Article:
This for me has been key to my survival! I realized that all I could do was try to change what I could, be the best I can be as this person with chronic conditions and try to accept it that way… and move on. By dwelling on the fact that I could no longer be who I was before, nor would my future be as I had planned, I was only causing myself grief. By being angry at the lack of control I had over the situation, I was only hurting myself and if I only used my knowledge and strength to work on this, I could discover the new, better me. That’s courage through wisdom!
This is not to say that I don’t go through these stages in phases. Added diagnosis, flares and raised expectations are often what lead to my downfall. Depression is a stage that seems to hover over me like a cloud. It never truly goes away but some days are brighter than others. It can be distant on a sunny day but as the pain or situation reaches a climax, the grey rain clouds come over and empty themselves on my soul. I continue to grow and work through this stage. I bounce between depression and acceptance almost monthly.
I have also learned a valuable lesson and that is, that I can only rely on those who are consistent in my life. It’s hard because it can make your circle very small but it’s vital to coping and your mental well-being. Raised hopes and expectation will only lead to further heartache and it’s often not always family that will be your biggest support. Luckily my immediate family are amazing but I have zero help from extended family. My extended family are my support group members and spoonie friends.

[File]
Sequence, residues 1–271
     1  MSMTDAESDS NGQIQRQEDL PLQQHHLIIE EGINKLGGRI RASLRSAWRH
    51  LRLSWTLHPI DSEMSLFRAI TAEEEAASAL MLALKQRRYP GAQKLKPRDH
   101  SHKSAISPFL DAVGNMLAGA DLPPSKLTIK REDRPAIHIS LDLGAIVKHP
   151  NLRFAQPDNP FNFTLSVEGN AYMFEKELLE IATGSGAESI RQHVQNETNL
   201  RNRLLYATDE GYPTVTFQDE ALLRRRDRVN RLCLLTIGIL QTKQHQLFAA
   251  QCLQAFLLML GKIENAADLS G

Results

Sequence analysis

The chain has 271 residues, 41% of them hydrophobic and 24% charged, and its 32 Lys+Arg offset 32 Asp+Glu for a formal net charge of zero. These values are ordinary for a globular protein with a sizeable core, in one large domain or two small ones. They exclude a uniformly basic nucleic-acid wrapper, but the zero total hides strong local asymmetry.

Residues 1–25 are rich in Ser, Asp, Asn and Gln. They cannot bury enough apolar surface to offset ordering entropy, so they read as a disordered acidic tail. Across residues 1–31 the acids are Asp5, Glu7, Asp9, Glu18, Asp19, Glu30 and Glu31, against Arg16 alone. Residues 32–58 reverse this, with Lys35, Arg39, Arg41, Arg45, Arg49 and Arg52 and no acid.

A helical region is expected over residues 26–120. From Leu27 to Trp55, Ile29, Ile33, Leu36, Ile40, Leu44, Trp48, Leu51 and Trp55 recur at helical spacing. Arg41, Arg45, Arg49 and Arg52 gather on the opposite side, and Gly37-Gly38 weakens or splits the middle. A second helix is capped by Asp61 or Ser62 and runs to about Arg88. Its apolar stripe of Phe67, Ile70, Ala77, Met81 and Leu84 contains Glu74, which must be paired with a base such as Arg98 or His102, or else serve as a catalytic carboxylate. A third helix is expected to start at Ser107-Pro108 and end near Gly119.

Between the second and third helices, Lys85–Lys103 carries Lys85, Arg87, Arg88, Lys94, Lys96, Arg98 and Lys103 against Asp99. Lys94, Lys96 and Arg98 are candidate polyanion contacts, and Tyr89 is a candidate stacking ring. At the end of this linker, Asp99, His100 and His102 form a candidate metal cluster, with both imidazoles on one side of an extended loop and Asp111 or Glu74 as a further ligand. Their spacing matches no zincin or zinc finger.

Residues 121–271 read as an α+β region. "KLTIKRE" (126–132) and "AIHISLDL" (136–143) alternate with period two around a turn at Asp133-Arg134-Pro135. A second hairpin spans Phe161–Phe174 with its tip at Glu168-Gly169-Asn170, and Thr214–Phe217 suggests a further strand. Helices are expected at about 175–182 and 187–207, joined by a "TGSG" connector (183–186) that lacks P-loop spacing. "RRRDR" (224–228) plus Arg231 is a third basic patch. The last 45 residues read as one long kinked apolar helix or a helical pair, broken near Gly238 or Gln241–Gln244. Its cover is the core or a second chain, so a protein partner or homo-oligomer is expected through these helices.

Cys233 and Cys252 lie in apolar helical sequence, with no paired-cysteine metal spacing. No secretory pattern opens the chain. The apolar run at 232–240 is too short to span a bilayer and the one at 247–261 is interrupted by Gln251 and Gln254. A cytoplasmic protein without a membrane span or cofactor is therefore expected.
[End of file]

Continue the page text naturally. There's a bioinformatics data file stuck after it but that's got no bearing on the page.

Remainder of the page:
Guilt is the other area that many who live with chronic illness face. We guilt ourselves over our parenting, our careers i.e. if we can or can’t work, our friendships and relationships. We then judge our worth based on this. We shouldn’t! Our illnesses do not have to define us negatively. Being sick has given me a greater sense of empathy, gratitude and the will to do right by others. I may well have continued on a selfish path but my illnesses have made me humble and giving.
Before I was sick I had a path planned for me and I’d do whatever I had to to get there. I was mad at others for my unhappiness and then my illness. I hated conforming to office life once I got there and never fit in. So it wasn’t all I’d hoped it would be. Yet now I have chosen to be a stay at home mum and run a local support group, online group, blog and support patients one to one. I now know I am worth so much more because my life is precious and not for conforming, blaming others or holding onto anger. I can do good in the world and that is just a fraction of my worth!
I soon realized after the birth of my children that I wanted to show them there is strength to be found through adversity. I’m not after some martyr story but to show them that by keeping good company, being kind, loved and empowering themselves with knowledge, that they too can be strong enough to both offer support and receive it if necessary. It is not weakness to ask for help, it is not attention seeking to educate others about your condition(s), it is not giving up if you embrace a bad day… it is following those rules and knowing what you can and can’t control or change.